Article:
1794772_10152443617284087_700552172914476315_n

 

Actually, it’s two-hour thriller-noir comedy that makes use of 5 actors playing over 100 roles with countless scene changes onstage. “Impossible,” you say. Quite the contrary!

Such was the magnanimity of The 39 Steps. Staging a play that inspired London theatre-goers almost a decade ago may have seemed a difficult task but, with Madeleine Inskeep (of beloved Blind Mirth fame) taking the helm as director, comedy was sure to appear en masse. Indeed, she – and producer Amanda Hollinger – certainly delivered.

Awaiting a packed audience, the Barron was initially empty (save for a permanent elevation at the back of the set). There were no props and no furniture – a sight which was soon to change. As the lights came up, the five-member cast came on to joyous applause and delivered a hearty bow before enthusiastically running around the stage. Clearly this served as a warning for the next two hours. If you weren’t there for fast-paced, erratic eccentricity, your only answer would be to escape.

The show then began as the stage drastically transformed into a plush West-End living room, one of multiple set changes that would appear throughout the show, others including a hotel reception, a train and a theatre. Richard Hannay (played expertly by Tom Giles on the night I went, and by Joe Viner during some other performances) sat gentlemanly in an armchair, ably delivering an introduction. From there, the story swiftly continued, introducing the titular intrigue of ‘The 39 Steps’. What is it? What does it, or perhaps they, want? Hannay becomes embroiled in a web of secrets that he must untangle, a task that takes him to Scotland and back – and the police are on his tail at every step. The flow of the plot was certainly not overwhelming but it most assuredly kept you on your toes.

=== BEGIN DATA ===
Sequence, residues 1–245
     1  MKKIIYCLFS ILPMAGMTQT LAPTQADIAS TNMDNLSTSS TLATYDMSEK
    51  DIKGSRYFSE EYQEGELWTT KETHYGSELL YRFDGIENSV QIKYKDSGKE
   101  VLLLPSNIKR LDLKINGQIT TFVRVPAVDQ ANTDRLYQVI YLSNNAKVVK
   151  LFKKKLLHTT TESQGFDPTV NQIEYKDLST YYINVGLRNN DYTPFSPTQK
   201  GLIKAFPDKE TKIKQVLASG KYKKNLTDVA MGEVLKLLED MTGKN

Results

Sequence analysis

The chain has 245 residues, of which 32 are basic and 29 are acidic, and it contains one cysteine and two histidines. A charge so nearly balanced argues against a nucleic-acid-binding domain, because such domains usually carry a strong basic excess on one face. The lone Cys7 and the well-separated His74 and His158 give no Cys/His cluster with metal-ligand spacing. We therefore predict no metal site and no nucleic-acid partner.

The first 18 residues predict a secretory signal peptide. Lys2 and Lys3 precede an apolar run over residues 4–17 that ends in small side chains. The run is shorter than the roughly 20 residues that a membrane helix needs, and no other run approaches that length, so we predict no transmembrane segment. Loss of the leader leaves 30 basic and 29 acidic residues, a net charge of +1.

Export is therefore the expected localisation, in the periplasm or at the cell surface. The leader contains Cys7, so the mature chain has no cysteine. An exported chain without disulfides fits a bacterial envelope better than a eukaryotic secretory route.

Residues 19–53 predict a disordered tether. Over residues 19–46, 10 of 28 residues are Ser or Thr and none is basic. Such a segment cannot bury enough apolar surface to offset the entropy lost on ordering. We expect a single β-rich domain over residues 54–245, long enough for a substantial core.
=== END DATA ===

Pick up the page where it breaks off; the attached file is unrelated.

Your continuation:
Real credit must be given to the five actors who managed to keep on top of such a plot. Tom Giles worked wonders in the lead role, conveying all the gentlemanly mannerisms, thoroughly British one-liners and all of the physical comedy with zeal. His accompaniment, Hannah Raymond-Cox (in a role which was again double cast, played Jemima Tyssen Smith during alternate showings), made wonderful transitions between a German secret agent, a Scottish housewife, and a snooty businesswoman. But the sheer breadth of characters conveyed by the three clowns (Becca Schwarz, Adam Spencer and Scott Wilson) was stunning, with characters changing seamlessly even onstage.

Credit is also due to the tech team who, with the weird and wonderful sound effects and music, created a real-life cartoon in front of your eyes. The occasional glitches actually managed to blend in well with the comedy; it almost appeared natural. Especially in comedy, spontaneity can sometimes bring in the biggest laughs, which was certainly true on this occasion. Indeed, comedy came in a variety of forms: alternative, spoof, black, physical, wit, puns, and jokes that are so bad and so good you need to laugh. The wonderfully responsive crowd only added to the enthusiasm of the show. Several times the cast and crew were applauded mid-scene. The play ended on a high note, keeping the audience as cheery as when it all had begun.

Overall, Madeleine Inskeep, Amanda Hollinger, the cast, and the crew did a breath-taking job in bringing this production together. The quality of student theatre is ever improving within the University; it is pleasing to see how adventurous directors are becoming when proposing plays. After four shows in total, including a Saturday matinée, it’s clear that this show was a popular one. The wide assortment of comic elements, delivered exuberantly by a collection of talented actors, guaranteed the audience a sight of the cast at their happiest – as every comedy should.

 

 

Adam Ishaque

 

 

Photo credit: Katie Brennan